- Movement Assistance: Many orthopedic and physiotherapy patients require crutches, wheel chairs, or orthopedic shoes to help them recover from injuries. Often such conditions arise because patients endure torture in their home countries or on the way to Israel or they are injured from work-related accidents because of unsafe working conditions. Donations would enable us to help patients cover the costs of such equipment, greatly increasing their quality of life.
Prices for such examinations and treatments are already offered at a reduced cost. Over the years, the Open Clinic has formed relationships with private physicians, area hospitals, laboratories, pharmacies, and other medical facilities to offer our patients medical treatment at discounted prices. In addition, all patients receiving financial assistance from PHR-Israel have been approved by a funding committee comprised of volunteer physicians who prioritize patients according to medical need and often change the recommended follow up in favor of lower cost treatment, without compromising medical care.
Medications and Equipment for the Open Clinic
The pharmacy at the Open Clinic is mostly stocked by medications donated in-kind. Over the coming year, we will need to purchase medicines to fill gaps in our inventory and stock our pharmacy. Such medications include aspirin and ibuprofen, and antibiotics in both pill and syrup form (for adults and children). For example, many of our HIV patients cannot afford anti-retroviral medications but take basic antibiotics from our Clinic as a way to compensate for the lack of available treatment. In addition, we seek support to stock asthma treatments including ventolin inhalers and preventive medicines. A full list of needed medications can be supplied upon request.
In terms of equipment, our Clinic is seeking donations to purchase stethoscopes, blood pressure monitors, otoscopes, and weight scales. Such equipment is required for physicians and nurses to provide basic primary medical care. Many patients report weight loss as a symptom to their ailments and several physicians have mentioned that this would be an important addition to our Clinic. Moreover, many of our diabetic patients are in follow up with dieticians, who require scales to guide their nutritional advice.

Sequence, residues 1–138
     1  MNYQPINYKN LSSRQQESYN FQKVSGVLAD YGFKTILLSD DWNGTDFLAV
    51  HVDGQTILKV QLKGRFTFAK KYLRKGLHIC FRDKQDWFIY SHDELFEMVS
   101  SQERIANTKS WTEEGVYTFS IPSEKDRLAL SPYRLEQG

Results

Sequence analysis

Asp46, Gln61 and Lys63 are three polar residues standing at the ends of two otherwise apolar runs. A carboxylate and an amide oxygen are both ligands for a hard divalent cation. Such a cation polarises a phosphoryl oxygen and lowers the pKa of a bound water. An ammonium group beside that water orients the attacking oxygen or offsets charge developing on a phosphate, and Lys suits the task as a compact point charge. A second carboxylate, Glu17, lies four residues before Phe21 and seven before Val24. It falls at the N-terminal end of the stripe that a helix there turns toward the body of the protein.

While hundreds of medical and administrative volunteers contribute their time and expertise to respond to the medical needs of our patients, our Clinic would not function without a salaried Clinic Manger and Patients Intake Coordinator. The Open Clinic Manager recruits and schedules with Israeli physicians, nurses, medical students, and receptionists to volunteer at the Open Clinic. The Manager is also responsible for the pharmacy's inventory, issuing financial coverage for patients' treatment, and forming agreements for discounted or free treatment for our patients with hospitals, private clinics, laboratories, pharmacies, and other medical facilities. In addition, the Manager works with various human rights organizations to create joint initiatives. Over the last six months, such programs included our translators course, women's escorting and counseling project, and the mental health assistance program. The Clinic Manger works full time.
The Patients Intake Coordinator organizes the referrals for all patients needing additional care offered both on and off site. Over the last six months, she coordinated 6,137 referrals, over 1,000 per month. As part of her role in coordinating referrals, she also finds solutions for patients needing advanced treatment—including cancer and HIV patients—by working with volunteer physicians to offer pro bono care on an ad hoc basis. In addition, she manages all receptionist volunteers, both for the morning and evening shifts, and runs training sessions once per month to update volunteers on clinic procedures and protocol. The Patients Intake Coordinator works full time.
Thank you for considering our needs at this time. We would be happy to provide additional explanation or information as necessary.
Director of Development